The constitutional provisions, first implemented in the 1700s, were designed to create checks and balances in the executive and legislative branches. Congress took the lead with the executive branch taking the back seat. As our world formed and changed, the balance of power shifted dramatically.
Executive orders became the means of bypassing stalemates between Congress and the Presidency. Between 2017 and 2020, President Donald Trump issued 195 executive orders, a number that pales in comparison to the all-time high of Franklin D. Roosevelt at 3,721.
A new sheriff is coming to town, and that person and their policies will, for better or worse, affect the restaurant industry, as well as many others. It’s unclear yet how President-elect Biden will use this power, but this we do know: from COVID-19 regulations to minimum wage and immigration, change is in the air.
President-elect Joe Biden has made it clear that one of his top priorities is coming together as a nation to stop the current escalation of COVID-19 and “flatten the curve.” For those of you who have gotten out your history books, you know that the Spanish flu pandemic of 1918 came in “four waves.” While this novel virus occurred in an era devoid of the tremendous medical technological advances of our current age, a warning bell emerges as the second wave of our current pandemic takes hold around the world.
The president-elect’s plan includes a federal mask mandate, expanded testing and contact tracing efforts, and taking calculated steps in an effort to avoid a full shutdown. These steps include stricter sanitation guidelines from OSHA and a doubling up of the number of their investigators. “Restart packages” are in the pipelines, funding that will help restaurants and other companies cover the costs of implementing pandemic safety precautions such as PPE and plexiglass.
According to the Biden-Harris “Build Back Better” plan, “President-elect Biden will direct the CDC to provide specific evidence-based guidelines for how to turn the dial-up or down relative to the level of risk and degree of viral spread in a community, including when to open or close certain businesses, bars, restaurants, and other spaces…”
Businesses and Employees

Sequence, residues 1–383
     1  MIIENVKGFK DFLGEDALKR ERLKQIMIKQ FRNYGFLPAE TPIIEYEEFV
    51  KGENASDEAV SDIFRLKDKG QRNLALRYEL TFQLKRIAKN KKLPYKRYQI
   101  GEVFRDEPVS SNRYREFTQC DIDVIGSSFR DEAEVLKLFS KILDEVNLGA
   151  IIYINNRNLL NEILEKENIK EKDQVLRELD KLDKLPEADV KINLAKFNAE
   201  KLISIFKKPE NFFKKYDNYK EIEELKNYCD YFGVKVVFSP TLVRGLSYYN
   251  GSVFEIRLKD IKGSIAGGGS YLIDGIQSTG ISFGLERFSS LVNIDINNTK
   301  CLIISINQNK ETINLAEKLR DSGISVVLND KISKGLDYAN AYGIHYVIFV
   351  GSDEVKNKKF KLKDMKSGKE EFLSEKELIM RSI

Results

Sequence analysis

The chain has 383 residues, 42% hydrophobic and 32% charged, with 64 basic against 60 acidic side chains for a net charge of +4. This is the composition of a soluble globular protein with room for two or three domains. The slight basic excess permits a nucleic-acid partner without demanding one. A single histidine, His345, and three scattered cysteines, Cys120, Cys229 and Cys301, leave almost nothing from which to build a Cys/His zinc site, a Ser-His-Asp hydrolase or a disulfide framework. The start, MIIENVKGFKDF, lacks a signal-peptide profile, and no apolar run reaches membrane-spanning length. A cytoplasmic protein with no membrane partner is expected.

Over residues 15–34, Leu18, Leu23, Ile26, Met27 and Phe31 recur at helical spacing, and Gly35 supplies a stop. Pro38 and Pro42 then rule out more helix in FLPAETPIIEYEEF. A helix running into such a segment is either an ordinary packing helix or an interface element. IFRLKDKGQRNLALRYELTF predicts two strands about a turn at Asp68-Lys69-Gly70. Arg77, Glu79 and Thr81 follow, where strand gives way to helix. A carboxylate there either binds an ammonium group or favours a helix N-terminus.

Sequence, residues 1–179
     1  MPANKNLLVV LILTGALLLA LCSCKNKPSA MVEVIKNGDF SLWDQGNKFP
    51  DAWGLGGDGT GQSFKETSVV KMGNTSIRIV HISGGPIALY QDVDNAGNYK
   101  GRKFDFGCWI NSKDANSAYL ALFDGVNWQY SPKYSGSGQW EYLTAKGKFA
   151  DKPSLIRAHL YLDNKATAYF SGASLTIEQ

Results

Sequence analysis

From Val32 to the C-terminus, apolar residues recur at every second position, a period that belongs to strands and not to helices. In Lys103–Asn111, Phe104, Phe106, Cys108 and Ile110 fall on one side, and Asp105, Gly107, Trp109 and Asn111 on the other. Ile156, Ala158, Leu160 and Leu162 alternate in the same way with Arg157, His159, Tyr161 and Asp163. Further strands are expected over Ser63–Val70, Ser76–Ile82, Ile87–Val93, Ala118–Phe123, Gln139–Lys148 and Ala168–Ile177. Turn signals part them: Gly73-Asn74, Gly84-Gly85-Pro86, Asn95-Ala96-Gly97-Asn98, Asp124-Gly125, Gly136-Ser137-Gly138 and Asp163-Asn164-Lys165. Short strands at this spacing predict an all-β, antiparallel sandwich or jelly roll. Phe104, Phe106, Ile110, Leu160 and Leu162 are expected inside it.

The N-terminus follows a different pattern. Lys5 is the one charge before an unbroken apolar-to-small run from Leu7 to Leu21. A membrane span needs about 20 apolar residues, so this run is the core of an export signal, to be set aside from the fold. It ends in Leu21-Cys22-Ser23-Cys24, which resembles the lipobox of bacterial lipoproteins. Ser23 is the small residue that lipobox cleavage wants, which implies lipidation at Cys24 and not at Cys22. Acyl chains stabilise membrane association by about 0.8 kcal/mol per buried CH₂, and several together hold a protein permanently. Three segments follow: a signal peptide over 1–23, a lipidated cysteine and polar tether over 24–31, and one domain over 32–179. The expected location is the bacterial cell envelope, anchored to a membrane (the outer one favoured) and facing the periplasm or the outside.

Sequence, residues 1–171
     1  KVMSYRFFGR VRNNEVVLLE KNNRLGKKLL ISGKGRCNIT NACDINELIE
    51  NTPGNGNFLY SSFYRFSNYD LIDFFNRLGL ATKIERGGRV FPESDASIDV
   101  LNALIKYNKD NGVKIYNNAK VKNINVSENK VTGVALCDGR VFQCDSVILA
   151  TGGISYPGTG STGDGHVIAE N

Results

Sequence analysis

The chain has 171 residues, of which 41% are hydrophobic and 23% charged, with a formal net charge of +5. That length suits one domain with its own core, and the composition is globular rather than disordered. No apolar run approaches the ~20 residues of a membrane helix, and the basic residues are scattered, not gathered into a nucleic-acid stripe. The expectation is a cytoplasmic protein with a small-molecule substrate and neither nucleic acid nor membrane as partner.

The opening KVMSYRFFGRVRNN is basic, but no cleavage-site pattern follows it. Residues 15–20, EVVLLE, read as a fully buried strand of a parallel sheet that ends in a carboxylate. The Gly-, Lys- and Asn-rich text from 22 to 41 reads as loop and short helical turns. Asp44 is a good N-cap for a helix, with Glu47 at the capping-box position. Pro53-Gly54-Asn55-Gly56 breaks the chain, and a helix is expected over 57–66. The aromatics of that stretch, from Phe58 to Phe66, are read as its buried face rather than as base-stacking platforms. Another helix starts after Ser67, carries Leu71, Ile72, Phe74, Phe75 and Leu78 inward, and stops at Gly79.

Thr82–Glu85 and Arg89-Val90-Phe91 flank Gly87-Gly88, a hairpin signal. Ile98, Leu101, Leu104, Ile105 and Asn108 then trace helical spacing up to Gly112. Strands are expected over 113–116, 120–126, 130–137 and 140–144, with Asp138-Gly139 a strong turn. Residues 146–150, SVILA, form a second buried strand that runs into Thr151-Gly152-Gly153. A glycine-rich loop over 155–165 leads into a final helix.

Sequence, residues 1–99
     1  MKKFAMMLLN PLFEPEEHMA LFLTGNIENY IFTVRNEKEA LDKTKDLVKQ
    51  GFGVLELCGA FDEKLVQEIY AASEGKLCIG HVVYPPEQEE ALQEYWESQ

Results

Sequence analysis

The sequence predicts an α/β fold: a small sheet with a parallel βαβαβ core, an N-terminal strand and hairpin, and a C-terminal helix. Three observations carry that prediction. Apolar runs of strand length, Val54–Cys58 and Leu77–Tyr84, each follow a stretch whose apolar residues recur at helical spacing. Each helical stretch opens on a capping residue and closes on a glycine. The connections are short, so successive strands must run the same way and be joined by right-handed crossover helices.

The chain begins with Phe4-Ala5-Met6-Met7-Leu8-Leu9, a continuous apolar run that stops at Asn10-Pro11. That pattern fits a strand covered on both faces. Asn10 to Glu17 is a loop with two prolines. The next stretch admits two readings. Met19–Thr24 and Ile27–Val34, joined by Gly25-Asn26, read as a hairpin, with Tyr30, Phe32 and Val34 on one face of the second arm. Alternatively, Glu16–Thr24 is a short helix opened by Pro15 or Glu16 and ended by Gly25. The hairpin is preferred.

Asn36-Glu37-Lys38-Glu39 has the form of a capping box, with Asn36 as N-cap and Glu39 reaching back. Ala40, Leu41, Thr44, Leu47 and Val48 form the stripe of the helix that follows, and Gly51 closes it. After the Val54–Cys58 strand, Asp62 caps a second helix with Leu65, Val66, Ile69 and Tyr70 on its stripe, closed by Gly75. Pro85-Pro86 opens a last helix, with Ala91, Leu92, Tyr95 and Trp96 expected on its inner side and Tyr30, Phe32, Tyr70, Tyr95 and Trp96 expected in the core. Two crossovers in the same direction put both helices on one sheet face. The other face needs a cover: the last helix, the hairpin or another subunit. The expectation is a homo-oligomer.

The Biden-Harris plan includes creating millions of good-paying jobs and making it easier for workers to organize unions. He also intends to promote higher wages and stronger benefits which includes legislation for universal paid sick days and 12 weeks of paid family and medical leave.
One of his policies presenting the greatest possible impact is his support for raising the national minimum wage to $15 an hour and ending the tipped minimum hourly wage of $2.13. The National Restaurant Association has argued that this increase would harm an industry already weighed down by thin margins and the burden of the pandemic.
Of course, many states and cities have already implemented rising minimum wages. California’s $15 minimum wage is set to go into effect in 2022 for those employers with 26 or more employees. Connecticut and Massachusetts follow suit in 2023, New Jersey one year later, and Illinois and Maryland by 2025.
The president-elect has also supported “fair and flexible” scheduling that requires businesses to provide employees with predictable shifts.
For small businesses and entrepreneurs, he presented the “comeback package,” funding that would help small businesses recover and get back on their feet. His racial equality plan includes providing small business opportunities for communities of color, neighborhoods that have been particularly heavy hit by the pandemic, leading to business closures and high unemployment rates.
Larger corporations and chains are looking at increased taxes. According to the plan, “President-elect Biden is working to ensure that corporate America finally pays their fair share in taxes…” Under Trump, large companies such as restaurant chains received a sharp reduction in tax rates with some falling from 35 percent to 21 percent. His 2018 tax reform ended up creating loopholes that allowed major corporations such as Amazon to pay $0 in taxes.
It’s clear that Biden’s views on immigration cross a great divide when compared to Trump’s policies. His immigration policies include an understanding that key sectors of the U.S. economy rely on working-age immigrants.
As president, Biden will “take urgent action to undo Trump’s damage.” This includes modernizing the system, reforming temporary visa programs, welcoming immigrants, and recommitting to asylum-seekers and refugees.
Before the pandemic struck, many in the restaurant industry, as well as seasonal resorts, counted on recruiting international workers to fill positions. It appears that this administration will reduce regulations in this area, making the process easier.